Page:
First Impressions: LEGO Star Wars Rogue One

With the LEGO Star Wars launch range for Rogue One: A Star Wars Story now officially announced, Brick Fanatics looks at each regular set to see what fans have to prepare for.

The upcoming LEGO Star Wars Rogue One sets have now officially been revealed. In a year filled with what many have labeled disappointing rehashes (Death Star, Hoth, etc.) a shot of fresh material into the Star Wars galaxy is a welcome sight. Five craft, four of which have never before been seen in the brick – or anywhere for that matter – have come together to create one of the strongest and, surprisingly, affordable waves of Star Wars sets we have seen in a long time.

75152 Imperial Assault Hovertank:

  • 385 pieces
  • £34.99, $29.99, €39.99

75152 Imperial Assault Hovertank

Many will be quick to note the similarities between this set and the much maligned 75110 First Order Snowspeeder which won the undesirable label of being the runt of the Force Awakens sets.While there are a lot of similarities, this set may fare better if it actually appears in the film which was 75110’s main disappointment. Overall, this set looks good, plus has excellent parts and appears to have a storage area. It might have been better as a larger and more souped up troop transport similar to 75078 Imperial Troop Transport. That set, which featured prominently in multiple Rebels episodes, is one worth buying multiple copies of for a big display; troop transports done right and backed up by being major players in the story are awesome. We will see whether this set falls into that category when the movie is released.

75153 AT-ST Walker:

  • 449 pieces
  • £39.99, $39.99, €49.99

75153 AT-ST Walker

75153 is the only set of this line which is technically a remake. With that being said, this set blows its older brothers completely out of the water. Simply put there has never been a more realistic or detailed minifigure-scale copy of the AT-ST in LEGO form. I love the new head design, the proportions and that the designers did not include any off colours like the yellow which tarnished the look of 75083 AT-DP. Additionally the price vs. piece count and minifigure selection is outstanding, making for an excellent value set.

75154 TIE Striker:

  • 543 pieces
  • £59.99, $69.99, €69.99

75154 TIE Striker

This ship is tremendously intriguing. We have never seen a TIE fighter designed solely for atmospheric flight which the set description explains is the case with this TIE Striker. This intended use explains the horizontal alignment of the wings. Despite the craft being intriguing, the set does not immediately catch the eye beyond the glaring differences between it and a normal TIE. The splashes of blue are an odd aesthetic choice. These misgivings aside, the set will be popular if it is involved in some exciting sequences like last year’s 75101 First Order Special Forces TIE Fighter was over the deserts of Jakku.

75155 Rebel U-wing Fighter:

  • 659 pieces
  • £69.99, $79.99, €79.99

75155 Rebel U-wing Fighter

The Rebel fleet was really in need of a new fighter from the LEGO Group’s perspective. It would take more than one person’s fingers and toes to count the number of X-Wings, A-Wings, Y-Wings and B-Wings through the years. Hopefully this ship figures prominently in the new movie as the design is great. With its rotating wings it appears to be designed for transitioning between space and atmospheric flight which is a really cool possibility that hasn’t really been seen in the Star Wars universe before. On top of being a cool looking model, the minifigure selection is absolutely solid, including the only copy of Jyn Erso to be part of the initial wave.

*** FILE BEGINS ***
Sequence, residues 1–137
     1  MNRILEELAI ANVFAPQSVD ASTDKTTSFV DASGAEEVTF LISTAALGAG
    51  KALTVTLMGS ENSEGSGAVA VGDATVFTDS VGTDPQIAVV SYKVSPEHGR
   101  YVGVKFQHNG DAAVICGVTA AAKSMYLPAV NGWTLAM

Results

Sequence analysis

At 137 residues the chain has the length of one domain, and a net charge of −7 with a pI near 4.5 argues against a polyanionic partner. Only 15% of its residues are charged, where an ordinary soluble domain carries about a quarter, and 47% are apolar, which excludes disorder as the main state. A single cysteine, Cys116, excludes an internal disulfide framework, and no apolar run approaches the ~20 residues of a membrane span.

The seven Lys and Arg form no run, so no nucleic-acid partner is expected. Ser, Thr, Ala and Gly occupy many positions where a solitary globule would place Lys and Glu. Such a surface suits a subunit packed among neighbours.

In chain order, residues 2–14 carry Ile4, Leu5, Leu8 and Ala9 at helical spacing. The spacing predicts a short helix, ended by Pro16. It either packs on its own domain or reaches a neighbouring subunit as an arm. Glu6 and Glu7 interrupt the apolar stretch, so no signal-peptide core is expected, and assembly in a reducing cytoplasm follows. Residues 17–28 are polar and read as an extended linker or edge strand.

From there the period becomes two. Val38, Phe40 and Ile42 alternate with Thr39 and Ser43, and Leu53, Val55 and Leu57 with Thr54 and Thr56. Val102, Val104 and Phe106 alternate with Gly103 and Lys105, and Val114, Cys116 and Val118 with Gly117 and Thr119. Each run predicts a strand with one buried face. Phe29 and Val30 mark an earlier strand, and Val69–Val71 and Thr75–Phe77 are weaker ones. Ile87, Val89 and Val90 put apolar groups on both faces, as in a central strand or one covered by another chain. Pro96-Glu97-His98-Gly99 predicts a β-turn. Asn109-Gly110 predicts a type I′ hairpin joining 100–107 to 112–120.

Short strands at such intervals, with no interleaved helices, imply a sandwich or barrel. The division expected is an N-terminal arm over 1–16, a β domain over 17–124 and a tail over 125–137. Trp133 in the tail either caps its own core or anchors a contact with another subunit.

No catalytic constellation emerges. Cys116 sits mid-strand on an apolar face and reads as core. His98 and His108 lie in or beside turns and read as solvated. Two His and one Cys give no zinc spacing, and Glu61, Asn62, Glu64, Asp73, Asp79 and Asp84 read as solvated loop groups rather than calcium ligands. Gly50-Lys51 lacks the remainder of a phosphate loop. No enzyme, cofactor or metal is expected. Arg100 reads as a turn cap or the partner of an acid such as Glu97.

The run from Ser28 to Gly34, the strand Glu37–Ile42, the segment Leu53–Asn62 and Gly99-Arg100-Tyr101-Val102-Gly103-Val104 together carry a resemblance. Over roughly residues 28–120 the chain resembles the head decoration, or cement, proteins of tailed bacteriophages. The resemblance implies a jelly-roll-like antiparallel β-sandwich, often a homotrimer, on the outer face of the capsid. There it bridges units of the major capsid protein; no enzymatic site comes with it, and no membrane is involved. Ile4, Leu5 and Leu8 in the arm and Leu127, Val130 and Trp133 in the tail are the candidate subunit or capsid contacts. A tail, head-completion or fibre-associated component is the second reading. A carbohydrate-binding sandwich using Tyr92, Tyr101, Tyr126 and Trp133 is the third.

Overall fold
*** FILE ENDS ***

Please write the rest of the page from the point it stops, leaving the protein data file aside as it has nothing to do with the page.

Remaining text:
75156 Krennic’s Imperial Shuttle:

  • 863 pieces
  • £79.99, $89.99, €99.99

75156 Krennic's Imperial Shuttle

The LEGO Group saved the best for last. Kylo Ren’s shuttle from last year was sharply criticized for its price and awful wing design (not completely the set design team’s fault as the wings didn’t articulate fully in the movie either). This set though is everything an evil shuttle should be. The double decker design is awesome, and the space inside might mean that all the Imperial figures are able to fit inside – that would be welcome. Also, the rare cockpit from 8095 General Grevious’ Starfighter in black is an excellent addition. Exclusive K-2S0, Director Krennic, Death Troopers and more provide six varied minifigures (generous for a set of this size).

Overall I am very impressed with the LEGO Group’s efforts. The piece and minifigure counts figured against the price are some of the best value fans have seen in Star Wars for some time. All of the models look like solid builds too, meaning fans will be looking forward to getting their hands on these from 30 September.


When I was 3 years old my dad bought home 6659 TV Camera Crew as a gift — he had no idea what he had just unleashed. Three decades and no dark age later, I am still going strong. My love of LEGO led me to a career in Civil Engineering and I am now raising three budding LEGO lovers with my lovely wife who is, bless her, a huge supporter of my brick addiction. When not writing for Brick Fanatics or fulfilling my duties as the U.S. Editor of Blocks Magazine I enjoy collecting, MOCing, exhibiting, as well as running, climbing and home improvement.

One thought on “First Impressions: LEGO Star Wars Rogue One

  • 03/09/2016 at 15:32

    I am doing everything possible to stop myself from deviating from the parameters of Eps IV to VI.

    The U Wing looks very good, but I must stick with my principles and only look at IV to VI. Otherwise I will get sucked in and I will never escape.


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